Punched card input/output
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A punched card reader or just card reader is a computer input device used to read executable computer programs, source code, and data from punched cards. A card punch is an output device that punches holes in cards under computer control. Sometimes card readers were combined with card punches and, later, other devices to form multifunction machines.
Most early computers, such as the ENIAC, and the IBM NORC, provided for punched card input/output. Card readers and punches, either connected to computers or in off-line card to/from magnetic tape configurations, were ubiquitous through the mid-1970s.
Punched cards had been in use since the 1890s; their technology was mature and reliable. Card readers and punches developed for punched card machines were readily adaptable for computer use. Businesses were familiar with storing data on punched cards, and keypunch machines and their operators were widely employed. Punched cards were a better fit than other 1950s technologies, such as paper tape, for many computer applications as individual cards could easily be updated without having to reproduce entire files.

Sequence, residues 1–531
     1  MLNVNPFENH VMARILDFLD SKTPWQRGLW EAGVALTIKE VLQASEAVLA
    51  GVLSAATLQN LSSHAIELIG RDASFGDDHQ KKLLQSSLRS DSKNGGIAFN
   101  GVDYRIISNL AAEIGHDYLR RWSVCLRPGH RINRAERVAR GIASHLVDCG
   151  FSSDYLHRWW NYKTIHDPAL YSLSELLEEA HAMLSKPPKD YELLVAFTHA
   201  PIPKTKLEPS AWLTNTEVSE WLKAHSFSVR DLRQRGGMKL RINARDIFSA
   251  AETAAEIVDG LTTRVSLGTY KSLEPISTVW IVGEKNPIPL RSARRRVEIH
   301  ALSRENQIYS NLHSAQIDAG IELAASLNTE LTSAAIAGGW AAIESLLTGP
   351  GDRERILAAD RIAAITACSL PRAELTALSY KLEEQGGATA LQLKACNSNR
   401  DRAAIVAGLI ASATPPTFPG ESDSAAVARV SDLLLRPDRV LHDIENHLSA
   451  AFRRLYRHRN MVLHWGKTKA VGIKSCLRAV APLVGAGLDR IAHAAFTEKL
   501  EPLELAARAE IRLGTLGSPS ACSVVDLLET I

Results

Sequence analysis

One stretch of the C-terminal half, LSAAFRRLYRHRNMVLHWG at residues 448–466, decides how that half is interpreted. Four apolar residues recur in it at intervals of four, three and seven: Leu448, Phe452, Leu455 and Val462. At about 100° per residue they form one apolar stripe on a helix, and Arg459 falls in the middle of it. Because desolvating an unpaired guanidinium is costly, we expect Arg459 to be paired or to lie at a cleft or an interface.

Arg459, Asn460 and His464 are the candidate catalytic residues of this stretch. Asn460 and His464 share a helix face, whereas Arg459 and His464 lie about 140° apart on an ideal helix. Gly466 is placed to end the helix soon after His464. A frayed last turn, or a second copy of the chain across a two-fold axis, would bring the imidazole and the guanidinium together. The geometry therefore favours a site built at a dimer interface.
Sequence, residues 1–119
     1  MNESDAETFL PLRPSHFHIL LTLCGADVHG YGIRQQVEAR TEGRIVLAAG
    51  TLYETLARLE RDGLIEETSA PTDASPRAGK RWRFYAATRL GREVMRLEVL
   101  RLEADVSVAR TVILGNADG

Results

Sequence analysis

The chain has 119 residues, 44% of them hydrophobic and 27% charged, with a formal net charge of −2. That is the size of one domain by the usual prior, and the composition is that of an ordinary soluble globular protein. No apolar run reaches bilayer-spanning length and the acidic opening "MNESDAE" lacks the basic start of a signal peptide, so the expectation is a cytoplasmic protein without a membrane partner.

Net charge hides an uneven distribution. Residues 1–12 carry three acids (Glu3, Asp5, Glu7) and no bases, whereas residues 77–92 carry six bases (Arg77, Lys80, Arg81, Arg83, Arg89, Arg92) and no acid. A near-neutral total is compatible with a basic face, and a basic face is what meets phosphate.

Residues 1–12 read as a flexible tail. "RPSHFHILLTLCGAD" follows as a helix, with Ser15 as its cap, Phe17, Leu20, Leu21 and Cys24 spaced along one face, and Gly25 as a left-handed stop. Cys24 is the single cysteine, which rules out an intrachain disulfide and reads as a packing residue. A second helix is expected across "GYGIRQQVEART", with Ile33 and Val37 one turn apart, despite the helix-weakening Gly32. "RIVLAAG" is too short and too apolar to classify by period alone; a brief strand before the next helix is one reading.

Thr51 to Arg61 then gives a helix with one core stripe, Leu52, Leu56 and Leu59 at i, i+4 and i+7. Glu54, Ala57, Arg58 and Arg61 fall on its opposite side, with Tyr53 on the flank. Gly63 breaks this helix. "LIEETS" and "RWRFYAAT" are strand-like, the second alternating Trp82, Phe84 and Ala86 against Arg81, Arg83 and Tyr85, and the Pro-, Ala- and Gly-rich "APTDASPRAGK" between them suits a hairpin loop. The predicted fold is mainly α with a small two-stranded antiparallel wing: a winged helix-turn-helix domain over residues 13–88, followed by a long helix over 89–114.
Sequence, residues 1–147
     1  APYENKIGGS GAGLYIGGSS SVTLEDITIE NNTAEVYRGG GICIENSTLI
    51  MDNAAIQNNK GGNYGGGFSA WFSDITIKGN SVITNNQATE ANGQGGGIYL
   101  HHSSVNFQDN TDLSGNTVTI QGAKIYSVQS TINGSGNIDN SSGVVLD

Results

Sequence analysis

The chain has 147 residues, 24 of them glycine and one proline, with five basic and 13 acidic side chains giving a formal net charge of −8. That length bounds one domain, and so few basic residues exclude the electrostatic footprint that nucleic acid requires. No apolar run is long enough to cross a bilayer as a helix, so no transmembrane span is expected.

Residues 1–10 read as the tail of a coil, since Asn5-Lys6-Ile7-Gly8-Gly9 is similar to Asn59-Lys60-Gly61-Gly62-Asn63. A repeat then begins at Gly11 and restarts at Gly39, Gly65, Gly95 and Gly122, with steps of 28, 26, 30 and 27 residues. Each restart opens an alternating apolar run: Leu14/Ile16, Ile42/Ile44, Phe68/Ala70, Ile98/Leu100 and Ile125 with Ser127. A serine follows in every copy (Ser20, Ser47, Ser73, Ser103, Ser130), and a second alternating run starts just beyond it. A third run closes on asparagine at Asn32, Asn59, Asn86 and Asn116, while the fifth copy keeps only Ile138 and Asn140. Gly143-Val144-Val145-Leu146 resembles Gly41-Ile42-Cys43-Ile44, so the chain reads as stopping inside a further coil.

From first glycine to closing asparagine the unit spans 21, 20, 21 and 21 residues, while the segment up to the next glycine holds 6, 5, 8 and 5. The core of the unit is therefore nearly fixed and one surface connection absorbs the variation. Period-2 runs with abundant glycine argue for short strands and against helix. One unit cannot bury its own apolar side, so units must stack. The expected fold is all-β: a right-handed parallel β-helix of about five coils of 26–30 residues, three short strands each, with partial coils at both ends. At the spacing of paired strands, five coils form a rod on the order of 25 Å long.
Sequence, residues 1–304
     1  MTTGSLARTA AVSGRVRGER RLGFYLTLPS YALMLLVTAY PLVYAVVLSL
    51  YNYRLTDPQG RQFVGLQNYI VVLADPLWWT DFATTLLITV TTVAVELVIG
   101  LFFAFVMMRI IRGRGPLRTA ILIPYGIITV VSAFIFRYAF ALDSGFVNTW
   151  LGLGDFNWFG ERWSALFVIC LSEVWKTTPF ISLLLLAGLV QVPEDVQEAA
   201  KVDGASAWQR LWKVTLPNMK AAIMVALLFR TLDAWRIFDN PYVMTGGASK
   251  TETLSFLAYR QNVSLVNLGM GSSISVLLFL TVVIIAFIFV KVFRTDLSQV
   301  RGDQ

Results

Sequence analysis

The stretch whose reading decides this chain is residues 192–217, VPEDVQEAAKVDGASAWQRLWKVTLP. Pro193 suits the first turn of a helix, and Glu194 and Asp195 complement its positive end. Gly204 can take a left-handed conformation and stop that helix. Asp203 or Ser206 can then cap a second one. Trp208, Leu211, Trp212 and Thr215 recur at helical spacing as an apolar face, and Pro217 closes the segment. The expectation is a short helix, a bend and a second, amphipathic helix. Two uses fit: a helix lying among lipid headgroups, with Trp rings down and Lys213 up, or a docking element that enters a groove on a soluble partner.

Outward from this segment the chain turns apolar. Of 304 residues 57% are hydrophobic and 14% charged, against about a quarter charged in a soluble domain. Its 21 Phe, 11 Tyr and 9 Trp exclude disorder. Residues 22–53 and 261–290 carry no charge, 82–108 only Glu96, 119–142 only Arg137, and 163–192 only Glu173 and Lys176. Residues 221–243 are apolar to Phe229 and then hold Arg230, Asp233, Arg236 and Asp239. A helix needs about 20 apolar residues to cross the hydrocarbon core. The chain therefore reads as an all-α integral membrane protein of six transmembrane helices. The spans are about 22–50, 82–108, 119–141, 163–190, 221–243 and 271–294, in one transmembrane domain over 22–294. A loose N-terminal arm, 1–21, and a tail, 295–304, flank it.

Documation Inc., of Melbourne, Florida, made card readers for minicomputers in the 1970s:
- M-1000-L card reader 1000 cards/minute
- Stern, Nancy (1981). From ENIAC to UNIVAC: An Appraisal of the Eckert-Mauchly Computers. Digital Press. p. 50. ISBN 0-932376-14-2.
- The IBM 711 Punched Card Reader's card-feeding mechanism was similar to the IBM 402's card-feeding mechanism
- Documation M-200 Card Reader Manual, 1972
- Documation M-200 photo
- Documation M1000L Card Reader
- Plugboard discusses how early card readers worked in some detail.
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